(S-282) Faure, E., Sunday 7:00
TITLE: INTRATHECAL FENTANYL WITH NALBUPHINE FOR LABOR ANALGESIA
AUTHORS: Eveline Faure, MD, Bernard Wittels, MD, PhD, Jerome Klafta, MD, Alicia Toledano, ScD, Michelle Freind, DO, Atef Moawad, MD
AFFILIATION: University of Chicago, Chicago, IL.
INTRODUCTION: Intrathecal (IT) opiates are commonly used in combination with epidural analgesia (CSE) to relieve labor pain. The reported side effects of IT opioids are pruritus (67- 100%) nausea, vomiting, and respiratory depression, which are mediated by µ-receptors (1). Nalbuphine, a µ-antagonist, has been successfully administered to counteract these side effects. We tried to determine whether nalbuphine added to IT fentanyl would prolong analgesia and attenuate the side effects.
METHODS: The study was conducted with IRB approval and informed consent from 70 patients. Inclusion criteria were near term gestation, (>36 wk gestational age); singleton fetus in the vertex position; uncomplicated labor as determined by maternal vital signs, contractions, fetal heartbeat tracings; no history of drug use or allergy to the study drugs; and request for epidural analgesia for labor. An 18-g Husted epidural needle was inserted and advanced to the epidural space using the loss of resistance technique. A 24-g, 119-mm Whitacre spinal needle was introduced though the epidural needle into the subarachnoid space. After random allocation, Group 1 received IT fentanyl 50 µg, Group 2 received IT fentanyl 50 µg with nalbuphine 1 mg, and Group 3 received IT fentanyl 50 µg with nalbuphine 2 mg. The total volume was adjusted to 2 ml by the addition of sterile saline. The spinal needle was withdrawn and a 20-g single orifice epidural catheter was inserted 3-4 cm into the epidural space. No additional medication was given until a patient requested it.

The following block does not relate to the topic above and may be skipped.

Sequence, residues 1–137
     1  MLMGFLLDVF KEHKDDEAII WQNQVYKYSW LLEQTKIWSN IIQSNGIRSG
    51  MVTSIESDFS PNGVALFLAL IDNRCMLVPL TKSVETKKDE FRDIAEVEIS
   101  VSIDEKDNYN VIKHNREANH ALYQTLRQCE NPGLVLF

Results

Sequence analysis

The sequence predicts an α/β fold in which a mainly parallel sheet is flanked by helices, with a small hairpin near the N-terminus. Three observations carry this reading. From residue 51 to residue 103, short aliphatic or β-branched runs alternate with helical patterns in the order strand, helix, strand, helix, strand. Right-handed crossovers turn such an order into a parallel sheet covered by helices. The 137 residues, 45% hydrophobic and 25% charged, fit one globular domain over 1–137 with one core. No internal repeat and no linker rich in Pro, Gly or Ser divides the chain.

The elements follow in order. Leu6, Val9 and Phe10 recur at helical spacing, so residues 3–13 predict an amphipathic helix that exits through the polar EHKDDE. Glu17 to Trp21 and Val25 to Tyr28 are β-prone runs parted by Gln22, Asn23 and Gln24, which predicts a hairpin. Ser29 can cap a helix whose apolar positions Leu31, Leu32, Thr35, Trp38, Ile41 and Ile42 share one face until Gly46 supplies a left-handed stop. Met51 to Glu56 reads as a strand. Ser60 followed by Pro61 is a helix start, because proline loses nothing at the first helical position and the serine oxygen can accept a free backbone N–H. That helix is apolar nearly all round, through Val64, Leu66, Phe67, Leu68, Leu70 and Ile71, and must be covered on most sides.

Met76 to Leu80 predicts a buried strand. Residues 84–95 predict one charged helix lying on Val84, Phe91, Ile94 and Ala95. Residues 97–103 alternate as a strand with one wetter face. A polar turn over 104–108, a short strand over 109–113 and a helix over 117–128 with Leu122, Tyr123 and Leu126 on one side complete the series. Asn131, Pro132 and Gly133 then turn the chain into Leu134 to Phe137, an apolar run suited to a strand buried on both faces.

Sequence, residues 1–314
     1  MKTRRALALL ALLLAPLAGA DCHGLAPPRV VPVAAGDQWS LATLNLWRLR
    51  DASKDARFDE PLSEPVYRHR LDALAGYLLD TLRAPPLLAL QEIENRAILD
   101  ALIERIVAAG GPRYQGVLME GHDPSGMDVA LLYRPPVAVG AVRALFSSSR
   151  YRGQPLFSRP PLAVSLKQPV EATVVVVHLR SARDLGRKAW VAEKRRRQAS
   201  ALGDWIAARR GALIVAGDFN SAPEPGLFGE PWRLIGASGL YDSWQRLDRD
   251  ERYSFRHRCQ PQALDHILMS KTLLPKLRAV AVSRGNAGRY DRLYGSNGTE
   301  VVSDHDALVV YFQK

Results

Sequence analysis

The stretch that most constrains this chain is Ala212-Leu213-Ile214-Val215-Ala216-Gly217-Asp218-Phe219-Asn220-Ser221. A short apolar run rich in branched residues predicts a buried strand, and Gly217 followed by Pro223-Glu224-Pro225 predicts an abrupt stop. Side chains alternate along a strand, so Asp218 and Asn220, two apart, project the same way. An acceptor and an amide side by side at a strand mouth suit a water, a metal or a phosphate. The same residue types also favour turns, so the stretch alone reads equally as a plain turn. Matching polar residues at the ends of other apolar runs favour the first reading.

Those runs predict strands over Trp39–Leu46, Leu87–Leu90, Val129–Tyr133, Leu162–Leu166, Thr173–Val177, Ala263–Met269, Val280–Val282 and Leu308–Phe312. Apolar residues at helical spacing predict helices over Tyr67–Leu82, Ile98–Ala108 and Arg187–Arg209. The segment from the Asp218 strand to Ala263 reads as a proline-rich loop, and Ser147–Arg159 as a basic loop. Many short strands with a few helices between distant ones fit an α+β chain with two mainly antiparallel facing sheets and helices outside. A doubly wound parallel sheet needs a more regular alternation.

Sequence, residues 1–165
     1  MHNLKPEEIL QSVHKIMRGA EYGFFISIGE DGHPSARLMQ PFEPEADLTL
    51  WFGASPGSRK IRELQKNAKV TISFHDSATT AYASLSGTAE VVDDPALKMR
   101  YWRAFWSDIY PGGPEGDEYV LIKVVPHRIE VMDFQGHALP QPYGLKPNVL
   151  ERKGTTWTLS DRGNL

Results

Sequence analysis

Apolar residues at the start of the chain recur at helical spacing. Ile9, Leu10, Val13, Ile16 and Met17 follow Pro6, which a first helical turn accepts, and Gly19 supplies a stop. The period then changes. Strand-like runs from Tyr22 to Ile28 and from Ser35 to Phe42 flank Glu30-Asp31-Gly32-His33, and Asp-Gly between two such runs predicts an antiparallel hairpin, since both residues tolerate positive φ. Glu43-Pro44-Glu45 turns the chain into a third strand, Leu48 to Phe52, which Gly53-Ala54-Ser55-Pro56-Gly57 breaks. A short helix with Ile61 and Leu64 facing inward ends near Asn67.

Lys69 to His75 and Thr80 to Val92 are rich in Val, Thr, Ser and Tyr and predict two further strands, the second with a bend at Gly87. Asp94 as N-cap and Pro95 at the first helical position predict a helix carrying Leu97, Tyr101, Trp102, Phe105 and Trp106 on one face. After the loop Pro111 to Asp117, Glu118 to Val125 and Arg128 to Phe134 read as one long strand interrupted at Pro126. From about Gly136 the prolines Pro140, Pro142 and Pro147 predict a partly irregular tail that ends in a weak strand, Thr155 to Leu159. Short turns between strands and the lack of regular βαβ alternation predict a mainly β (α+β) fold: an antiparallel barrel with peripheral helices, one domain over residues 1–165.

RESULTS: Pain scores in the groups were similar before IT opioids were given. At 5 min, all pain scores had decreased to < 3. The mean pain scores in Group 3 were significantly higher at 10 and 15 min than the scores in Group 2 (p=0.003, p=0.008). After 5 min, the overall incidence of pruritus was 76% in Group 1, 57% in Group 2, and 52% in Group 3. Groups 2 and 3 had pruritus scores 3 and fewer incidents of pruritus than did Group 1. The differences were significant from 10 to 30 min (p=0.010, p=0.020, p=0.032). Patient satisfaction scores were significantly higher in Groups 1 and 2 compared to Group 3 at 10, 15 and 30 min.
DISCUSSION: The addition of 1 mg nalbuphine decreased the incidence and severity of pruritus after IT fentanyl and increased patient satisfaction. The 2-mg dose of nalbuphine led to slightly increased pain and sedation ratings. Patients who have experi- enced excessive pruritus from previous intraspinal opioids or patients with skin lesions that would be exacerbated by scratch- ing, may benefit from receiving nalbuphine with IT fentanyl.
1. Br J Anaesth 1982; 54:479-86